Kylie Millar’s Journey from Honeymooning to Yoga School
After returning from her honeymoon at the end of summer and finding herself in a slow period at work, Pemberton-based Kylie Millar decided to relocate to Vancouver for 6-weeks to do the 200-hour Immersion Yoga Teacher Training
“It was an amazing opportunity that just worked out with my job. They could survive without me in the slow period and my family were very supportive and willing to let me go by myself,” Kylie said.
Kylie always felt an innate ability and passion for teaching but was constricted by the idea that having a Bachelor of Fine Arts and a hard-to-come-by job in the arts field meant there was no room in her life for other teaching pursuits or passions.
“I put myself in a box of what I do and what I’m good at and thought because I didn’t do science or health at school that I couldn’t do anything physical health related.”
Kylie’s husband saw her love of yoga and passion for teaching and suggested a Yoga Teacher Training would be a positive influence on her life, inspiring her to sign up.
“I realised you don’t have to follow the idea that you have to go to university, strive to get that full time job and get married. It doesn’t have to work out like that. You’re an adult and all of the decisions you make are your own!”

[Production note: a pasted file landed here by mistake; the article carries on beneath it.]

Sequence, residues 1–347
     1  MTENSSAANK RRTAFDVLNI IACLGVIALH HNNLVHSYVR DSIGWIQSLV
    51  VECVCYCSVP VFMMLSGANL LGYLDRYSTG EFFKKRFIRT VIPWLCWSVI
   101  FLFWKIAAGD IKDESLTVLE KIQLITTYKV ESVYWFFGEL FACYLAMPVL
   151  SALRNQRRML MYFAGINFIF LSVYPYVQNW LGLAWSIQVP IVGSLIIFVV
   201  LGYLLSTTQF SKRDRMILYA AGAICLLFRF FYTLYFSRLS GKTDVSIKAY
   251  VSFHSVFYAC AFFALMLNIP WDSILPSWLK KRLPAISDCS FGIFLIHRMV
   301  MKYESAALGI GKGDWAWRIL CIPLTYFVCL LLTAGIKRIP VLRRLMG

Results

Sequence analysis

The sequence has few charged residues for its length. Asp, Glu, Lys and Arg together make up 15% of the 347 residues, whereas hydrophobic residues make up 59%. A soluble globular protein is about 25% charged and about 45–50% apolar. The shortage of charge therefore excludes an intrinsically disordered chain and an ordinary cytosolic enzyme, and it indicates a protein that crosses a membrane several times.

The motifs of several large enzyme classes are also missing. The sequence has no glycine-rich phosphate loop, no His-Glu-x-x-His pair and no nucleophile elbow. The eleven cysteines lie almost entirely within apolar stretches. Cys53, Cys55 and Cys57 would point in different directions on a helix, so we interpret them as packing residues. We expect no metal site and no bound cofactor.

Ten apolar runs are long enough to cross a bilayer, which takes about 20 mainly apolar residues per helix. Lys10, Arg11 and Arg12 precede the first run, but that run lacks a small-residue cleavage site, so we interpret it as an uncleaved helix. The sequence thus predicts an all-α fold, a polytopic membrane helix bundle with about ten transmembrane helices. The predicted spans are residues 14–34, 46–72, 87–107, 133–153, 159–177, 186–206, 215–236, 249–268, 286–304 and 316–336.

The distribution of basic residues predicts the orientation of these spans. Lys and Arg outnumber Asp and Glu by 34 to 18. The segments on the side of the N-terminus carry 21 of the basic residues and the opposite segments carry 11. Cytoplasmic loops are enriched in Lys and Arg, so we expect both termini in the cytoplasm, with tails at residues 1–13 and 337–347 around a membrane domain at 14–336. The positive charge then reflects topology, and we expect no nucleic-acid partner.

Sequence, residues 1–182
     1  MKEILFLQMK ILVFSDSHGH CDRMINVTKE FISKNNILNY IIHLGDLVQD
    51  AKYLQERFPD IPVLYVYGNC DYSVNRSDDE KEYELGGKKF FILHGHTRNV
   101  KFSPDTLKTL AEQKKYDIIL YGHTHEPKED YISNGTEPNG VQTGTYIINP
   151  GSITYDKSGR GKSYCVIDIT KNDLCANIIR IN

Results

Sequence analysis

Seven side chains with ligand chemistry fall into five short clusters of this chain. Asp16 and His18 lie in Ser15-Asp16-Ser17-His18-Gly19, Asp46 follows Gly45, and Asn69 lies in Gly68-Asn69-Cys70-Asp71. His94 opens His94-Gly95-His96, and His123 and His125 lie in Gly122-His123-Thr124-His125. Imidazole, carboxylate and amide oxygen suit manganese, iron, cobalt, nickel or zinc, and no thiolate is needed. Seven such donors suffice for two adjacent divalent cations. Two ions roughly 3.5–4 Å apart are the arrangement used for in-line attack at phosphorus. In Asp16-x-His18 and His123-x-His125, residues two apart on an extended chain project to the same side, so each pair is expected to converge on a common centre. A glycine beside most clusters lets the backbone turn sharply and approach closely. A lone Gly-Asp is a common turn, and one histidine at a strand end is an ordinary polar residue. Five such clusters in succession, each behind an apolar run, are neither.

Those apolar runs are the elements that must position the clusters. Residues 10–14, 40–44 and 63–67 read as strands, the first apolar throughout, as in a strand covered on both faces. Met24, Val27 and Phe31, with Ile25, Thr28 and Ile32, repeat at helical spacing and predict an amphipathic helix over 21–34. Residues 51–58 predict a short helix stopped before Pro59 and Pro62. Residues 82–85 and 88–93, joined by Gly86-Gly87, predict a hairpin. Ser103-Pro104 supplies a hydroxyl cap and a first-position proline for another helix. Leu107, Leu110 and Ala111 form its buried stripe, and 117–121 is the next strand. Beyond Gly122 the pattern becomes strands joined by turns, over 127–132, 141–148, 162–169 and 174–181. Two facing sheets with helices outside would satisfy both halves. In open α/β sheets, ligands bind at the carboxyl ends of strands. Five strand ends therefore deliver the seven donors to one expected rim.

Kylie said she was drawn to the school because of its focus on training excellent teachers. “The program focuses on your ability to feel confident as a yoga teacher, it gives you all the tools you need and doesn’t rush through everything. You don’t just say the sequence in order; you know exactly what you’re taking about and how to do adjustments. I left with the skills to know and do whatever I wanted.”
Kylie graduated in October and has begun teaching yoga pro-bono to her friends, family and colleagues in Pemberton and Whistler. She encourages those taking a yoga teacher training to jump at any opportunity to teach somebody outside the classroom.
“If you’re working with beginner students they might not know the pose names so you have to rely on succinct language to guide them through the asana,” Kylie said.
When teaching – whether that be art or yoga – Kylie always aims to find moments in the room to make people laugh and relax. “Artwork, including yoga is an expression of yourself. You don’t need to be able to draw a perfect portrait. As a teacher I try and get students to let go of their hold on perfection.”
Kylie is now looking for a new way to combine yoga and artwork in a community based program that combines creativity, physical movement and art making.
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